The situation has not changed significantly on the energy front since last week. EDF still has more than one in three nuclear reactors closed, more precisely 19 of the 56 infrastructures that make up the French fleet. Of these 19 reactors, 8 are immobilized due to problems related to the phenomenon of stress corrosion.
The positive side of the production of electricity from nuclear origin is that the situation should not get worse a priori. Indeed, the energy company does not question its calendar and maintains its electricity production targets for the year 2023, which range from 300 to 330 TWh. However, if we look at last year’s maintenance schedule, EDF has always built up an order book, which has largely contributed to the particularly low level of electricity production recorded in 2022, at 279 TWh. Therefore, caution is still required in planning commitments for the current year.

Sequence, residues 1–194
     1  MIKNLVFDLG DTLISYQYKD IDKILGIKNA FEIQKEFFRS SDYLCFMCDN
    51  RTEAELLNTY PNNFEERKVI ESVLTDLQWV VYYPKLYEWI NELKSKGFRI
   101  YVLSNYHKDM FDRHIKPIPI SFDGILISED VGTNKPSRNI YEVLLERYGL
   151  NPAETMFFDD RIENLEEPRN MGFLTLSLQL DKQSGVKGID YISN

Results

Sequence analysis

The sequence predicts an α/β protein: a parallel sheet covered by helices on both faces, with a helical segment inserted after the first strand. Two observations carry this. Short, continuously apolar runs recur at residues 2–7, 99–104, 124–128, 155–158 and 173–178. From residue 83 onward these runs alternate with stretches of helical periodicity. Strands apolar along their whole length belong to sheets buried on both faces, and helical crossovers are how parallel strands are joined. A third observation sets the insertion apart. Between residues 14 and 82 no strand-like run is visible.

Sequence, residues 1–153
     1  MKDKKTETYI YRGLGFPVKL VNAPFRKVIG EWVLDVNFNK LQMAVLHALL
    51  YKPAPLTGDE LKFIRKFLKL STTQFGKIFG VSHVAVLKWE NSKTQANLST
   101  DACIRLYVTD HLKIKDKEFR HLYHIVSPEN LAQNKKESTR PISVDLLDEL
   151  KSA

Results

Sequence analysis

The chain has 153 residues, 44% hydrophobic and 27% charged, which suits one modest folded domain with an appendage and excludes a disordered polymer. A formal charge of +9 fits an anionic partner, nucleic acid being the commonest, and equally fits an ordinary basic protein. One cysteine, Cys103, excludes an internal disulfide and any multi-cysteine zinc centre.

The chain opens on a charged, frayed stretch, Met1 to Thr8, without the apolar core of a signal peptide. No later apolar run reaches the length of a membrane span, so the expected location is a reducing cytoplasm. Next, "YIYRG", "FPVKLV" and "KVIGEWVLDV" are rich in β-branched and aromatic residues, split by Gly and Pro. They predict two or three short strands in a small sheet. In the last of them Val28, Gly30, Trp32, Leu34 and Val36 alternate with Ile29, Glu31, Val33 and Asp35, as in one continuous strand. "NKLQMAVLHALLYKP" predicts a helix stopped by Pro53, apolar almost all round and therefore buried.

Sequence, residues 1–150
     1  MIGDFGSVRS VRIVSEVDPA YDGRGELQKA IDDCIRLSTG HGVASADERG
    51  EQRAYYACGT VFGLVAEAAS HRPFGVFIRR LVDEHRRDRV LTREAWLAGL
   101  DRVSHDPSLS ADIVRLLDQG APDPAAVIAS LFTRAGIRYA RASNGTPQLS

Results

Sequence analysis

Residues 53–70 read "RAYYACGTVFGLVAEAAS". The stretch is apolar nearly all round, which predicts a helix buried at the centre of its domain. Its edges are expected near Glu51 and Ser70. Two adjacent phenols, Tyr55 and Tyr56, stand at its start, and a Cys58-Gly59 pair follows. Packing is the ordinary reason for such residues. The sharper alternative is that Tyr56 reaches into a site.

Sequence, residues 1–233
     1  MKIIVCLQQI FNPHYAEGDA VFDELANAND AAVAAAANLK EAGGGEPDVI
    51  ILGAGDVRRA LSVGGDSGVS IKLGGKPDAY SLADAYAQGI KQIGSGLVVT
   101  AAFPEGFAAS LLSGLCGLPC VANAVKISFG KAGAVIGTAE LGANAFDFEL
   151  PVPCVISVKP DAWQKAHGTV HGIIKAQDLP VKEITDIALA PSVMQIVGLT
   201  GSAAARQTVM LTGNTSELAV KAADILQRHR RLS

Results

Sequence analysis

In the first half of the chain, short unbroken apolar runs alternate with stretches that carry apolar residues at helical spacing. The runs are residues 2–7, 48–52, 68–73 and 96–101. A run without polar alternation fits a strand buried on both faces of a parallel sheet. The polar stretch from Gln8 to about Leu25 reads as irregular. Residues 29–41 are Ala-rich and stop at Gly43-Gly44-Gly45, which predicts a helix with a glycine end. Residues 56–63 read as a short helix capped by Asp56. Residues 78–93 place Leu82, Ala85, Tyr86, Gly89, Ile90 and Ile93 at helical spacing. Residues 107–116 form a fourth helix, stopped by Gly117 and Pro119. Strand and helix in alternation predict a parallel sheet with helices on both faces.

Opposite trajectories between water and gas
While stagnation is the order of the day for the nuclear sector, trends are accentuating with regard to gas and hydraulic stocks. The former continue to drop with occupancy now standing at 28%, far from the technical maximum observed just a few months ago. Don’t panic though, as this low level is part of Engie’s strategy, which continues to drain gas reserves in order to refill them starting next month and throughout the summer in anticipation of next summer.
As for the dams, their levels continue to rise thanks to the rains that fell on part of France during the past week. 50% full 15 days ago, last week they were 52% and now they are 56%, that is, a fill rate 5 points higher than the average historically observed at this time of year.
Source: BFM TV